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I have a question about the optimal number of passes for cutting 3/4" plywood with a CNC machine. I've been using 3 to 4 passes, but I've noticed that only the head of my bit seems to be doing the cutting, while the rest of the bit looks almost new. As a result, I've had to replace my bits frequently, typically every week or two.

I haven't tried a full cut because I was not sure if my spindle can handle it. Most of the videos on YouTube that I've watched recommend using the same method I'm currently using.

Can you offer any advice or share your own experiences with me?

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  • Optimising cutting performance is all about the right feed rate | speed for the cutter in question, in a given material. As such minor variations in either the cutter geometry and/or material properties could have a significant impact, making generic advice only useful up to a point. So, regardless of any advice you read elsewhere or get here this may be something where you have to do some experimentation, and I suppose the first thing to try is cutting through in only two passes — since the rest of the cutter is apparently experiencing almost no wear, asking it do to more makes sense.
    – Graphus
    Commented Apr 3, 2023 at 5:32
  • ...typically every week or two... How much material is that? A week could be pretty respectable if your CNC is running all day every day, or it might be just a sheet or two if you're a weekend warrior. ...I was not sure if my spindle can handle it... That seems like something that you could figure out with a short test, no? Start very slow, and increase feed rate until you get a good cut with no burning and without taxing the spindle.
    – Caleb
    Commented Apr 7, 2023 at 20:58
  • What CNC do you have, and what are your feed speed and RPM? What bit are you using? Commented Apr 7, 2023 at 23:18

2 Answers 2

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Honestly, there are too many variables to give a simple answer.

Some things which affect your optimal cut depth:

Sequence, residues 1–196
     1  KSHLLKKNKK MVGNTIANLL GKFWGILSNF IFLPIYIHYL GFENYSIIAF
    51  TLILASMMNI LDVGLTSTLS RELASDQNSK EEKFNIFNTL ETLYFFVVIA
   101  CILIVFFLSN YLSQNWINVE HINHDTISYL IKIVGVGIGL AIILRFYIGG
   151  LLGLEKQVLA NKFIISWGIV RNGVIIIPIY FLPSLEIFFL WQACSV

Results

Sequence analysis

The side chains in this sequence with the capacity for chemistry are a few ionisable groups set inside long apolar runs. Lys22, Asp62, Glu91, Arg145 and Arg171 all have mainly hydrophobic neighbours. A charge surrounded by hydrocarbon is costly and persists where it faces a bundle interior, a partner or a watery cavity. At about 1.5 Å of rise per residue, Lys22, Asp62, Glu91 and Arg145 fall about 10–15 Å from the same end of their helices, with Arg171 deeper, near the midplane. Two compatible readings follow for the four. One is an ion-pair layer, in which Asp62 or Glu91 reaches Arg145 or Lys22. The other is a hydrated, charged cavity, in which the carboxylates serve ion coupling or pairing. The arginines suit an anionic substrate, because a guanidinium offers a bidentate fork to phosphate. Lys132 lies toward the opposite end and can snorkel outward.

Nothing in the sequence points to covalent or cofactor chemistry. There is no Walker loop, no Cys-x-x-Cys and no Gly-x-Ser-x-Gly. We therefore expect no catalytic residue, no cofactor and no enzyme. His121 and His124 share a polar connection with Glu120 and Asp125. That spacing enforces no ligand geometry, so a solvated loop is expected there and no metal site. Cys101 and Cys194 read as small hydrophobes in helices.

• Spindle speed (RPM)
  • Feed rate
  • Tool geometry*
  • Tool material
  • Tool diameter
  • Wood type**
  • Rigidity of your CNC machine

*Tool geometry can differ in the following ways:

  • Number of flutes.
  • Cutting angle/rake angle
  • Straight or spiral flutes
  • Special chip-breaking edges or other features of the cutter
  • Flute clearance depth
  • End geometry (if not doing a through-cut)

**Wood type - even with plywood, there are different kinds of ply. Your "standard" marine-ply may cut very differently to e.g. baltic birch ply.

More generally also, composite materials (plywood is a composite of wood veneers and an adhesive - usually a formaldehyde resin) can be quite wearing on cutting tools - moreso than even very hard solid wood species.

You haven't listed much about the type of cutter you're currently using, but generally, you can get improve cutting performance by:

  • Going from a straight-fluted bit to a spiral-fluted bit. Note however that a spiral upcut bit will cause tear-out on the top edge. If you are through-cutting the board in one go, you may want to choose a "compression" bit, which has an upcut at the bottom, and downcut at the top, which greatly reduces tear-out on the faces, particularly for laminated materials.
  • Going from HSS tools to carbide-tipped or solid-carbide, or at the top end, polycrystalline diamond (PCD) - these get more expensive as you go up the scale though.
  • Upping the RPM - so long as your CNC and other important components (collets, toolholders, etc.) can handle it.
  • Selecting chip-breaking or hybrid tooling for your router bits. If the finish on the edge of the pieces you're making doesn't matter too much, you could also use a "roughing" cutter - these usually have "serrated" edges which assist in chip-breaking and clearance, giving faster, more efficient cutting performance at the expense of finish quality.

Ultimately, unless you buy a router bit from a manufacturer who has done the testing specifically on plywood and can give you guidance as to RPMs and feed rates (which, if you were a manufacturer buying from an industrial tooling company, they would), then selecting the right speeds is usually a matter of trial and error.

I'd like to also redirect you to my answer about spiral router bits, which goes into a lot of detail about using router bits in general, here: When should I use a spiral router bit?

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    Extra +1 if I could!
    – Graphus
    Commented Apr 7, 2023 at 9:58
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My boss had a Biesse Rover big-iron cantilever. It could cut 3/4 poplar-core ply in one pass using a 3/8" two-flute solid carbide compression bit. RPM was 20,000 at 19 meters/min, conventional cut. The spindle was 15-20 HP, up to 24,000 RPM. There was just the absolute slightest hint of deflection, a couple thousandths of an inch at most, which we'd counteract by a 0.01" offset, then take the rest during onion-skin removal.

My Shopbot PRT Alpha with a 2HP spindle used a 1/4" single-flute solid carbide compression bit. I ran 3/4" ply at 2 passes, 15,000 rpm, 10 meters/min, climb cut, then a final conventional cut during onion-skin removal. The structure of the Shopbot was much weaker and had 1/32" (0.03") deflection, which was used as an automatic offset during climb-cutting. The final conventional cut ended up on the line. I never tried a single pass because of the less-stiff structure.

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